Reflections on the Covid-19 pandemic, through a single roll of film – by Pierre-Alix Favillier

As we finally emerge from one of the most difficult period of our recent lives, I finally got the single roll of film that I managed to shoot in those 3 months processed and what I saw genuinely shocked me.

The following pictures were all shot on a single roll of fuji pro 400h, with a Rollei 35s, on a single day in the middle of the lockdown period around Kew and Richmond, just outside of London.

I remember going out that morning for my one period of allowed exercise of the day, popping down to Richmond to post a letter. I remember thinking that I had to document this one way or another, and I’m glad I did.

As I look back through some of these shots, I remember the feeling of walking around in a ghost town. The only shop that was open at the time was the post office, and even then everyone had to queue down an alleyway, almost hiding from the empty main street as if it was a crime to be outside, enjoying some of the sunniest weather the UK had recently experienced… almost a snub.

Ghost town

Some of us have sadly lost family members, jobs, income and opportunities, others have had their livelihoods changed for the foreseeable future. Some have enjoyed being constantly at home, some have hated it… As we start to reflect on what has happened over the previous 3 months, I wanted to document and illustrate this emptiness and how life as we used to know it effectively stopped to fight this virus.

The buses
The buses

We all played our part, but sadly there will be few heroes. The hard fights were fought in the confines of hospital wards, in laboratories, in offices, figuring out logistics, food supplies, processes and guidelines. There was no physical destruction, little emotion, no real joy at the end. As a photographer, I initially found it very difficult to accept that I wouldn’t be able to capture at least some of the evidence, especially after a prolonged period of demonstrations and the intense visual stimulation associated with Brexit, Trump and the various elections of the last few years.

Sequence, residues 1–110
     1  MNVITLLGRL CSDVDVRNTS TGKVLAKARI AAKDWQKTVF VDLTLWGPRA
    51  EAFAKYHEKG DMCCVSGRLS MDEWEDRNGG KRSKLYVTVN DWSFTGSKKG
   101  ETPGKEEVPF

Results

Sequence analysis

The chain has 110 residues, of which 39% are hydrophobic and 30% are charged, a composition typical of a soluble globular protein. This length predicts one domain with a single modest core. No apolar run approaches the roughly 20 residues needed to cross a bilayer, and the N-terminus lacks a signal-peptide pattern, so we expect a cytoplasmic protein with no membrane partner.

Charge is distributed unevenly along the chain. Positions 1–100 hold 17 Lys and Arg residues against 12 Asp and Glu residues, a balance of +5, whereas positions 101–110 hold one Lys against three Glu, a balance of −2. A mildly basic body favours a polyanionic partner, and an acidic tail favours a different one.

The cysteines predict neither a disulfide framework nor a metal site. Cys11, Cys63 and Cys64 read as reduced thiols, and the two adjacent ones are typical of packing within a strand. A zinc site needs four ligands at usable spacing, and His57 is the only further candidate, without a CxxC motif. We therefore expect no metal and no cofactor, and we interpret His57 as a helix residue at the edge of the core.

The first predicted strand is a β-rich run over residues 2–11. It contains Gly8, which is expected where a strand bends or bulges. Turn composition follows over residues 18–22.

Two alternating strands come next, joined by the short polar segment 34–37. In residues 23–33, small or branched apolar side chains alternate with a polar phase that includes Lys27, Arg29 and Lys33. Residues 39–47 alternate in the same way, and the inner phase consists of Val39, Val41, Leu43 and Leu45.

For me, a little bit like these pictures show, I feel like we all lost a little bit of our soul in those 3 months and I hope that they will act as a reminder of how it was then, and push us to make the most of whatever comes next… however different it may be from the past. I’ve now realised even more what it means to be human, how I’ve missed my family, shaking a hand, smiling at someone or taking a picture. Instead it was all about walking away from people, trying to prevent yourself from sneezing and constantly wondering if I could have touched something I shouldn’t have.

“We need your help now more than ever if we are to survive…”
No gazing
Empty boats; no planes, bicycles, or pedestrians
the barbershop
The  rainbow…

Individually, these pictures mean very little but as a body, they tell a story. I feel like I now have a little time capsule, in the form of a single strip of negatives. I will probably never scan these again, but I will be able, one day, to show the next generation physical evidence of how it was in the spring of 2020…

You can see more of my work on instagram. (@cloud_surfer14)

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7 thoughts on “Reflections on the Covid-19 pandemic, through a single roll of film – by Pierre-Alix Favillier”

    1. thanks Ian, when I scanned those negs I just felt like I had to write something about them. I’m glad I did.

  1. Kodachromeguy

    “sadly there will be few heroes. “. I understand what you meant. The medical professionals will definitely be hidden heroes in this long fight. But we definitely had villains, including the illegitimate fraud in the White House and the similar vile character in Brazil.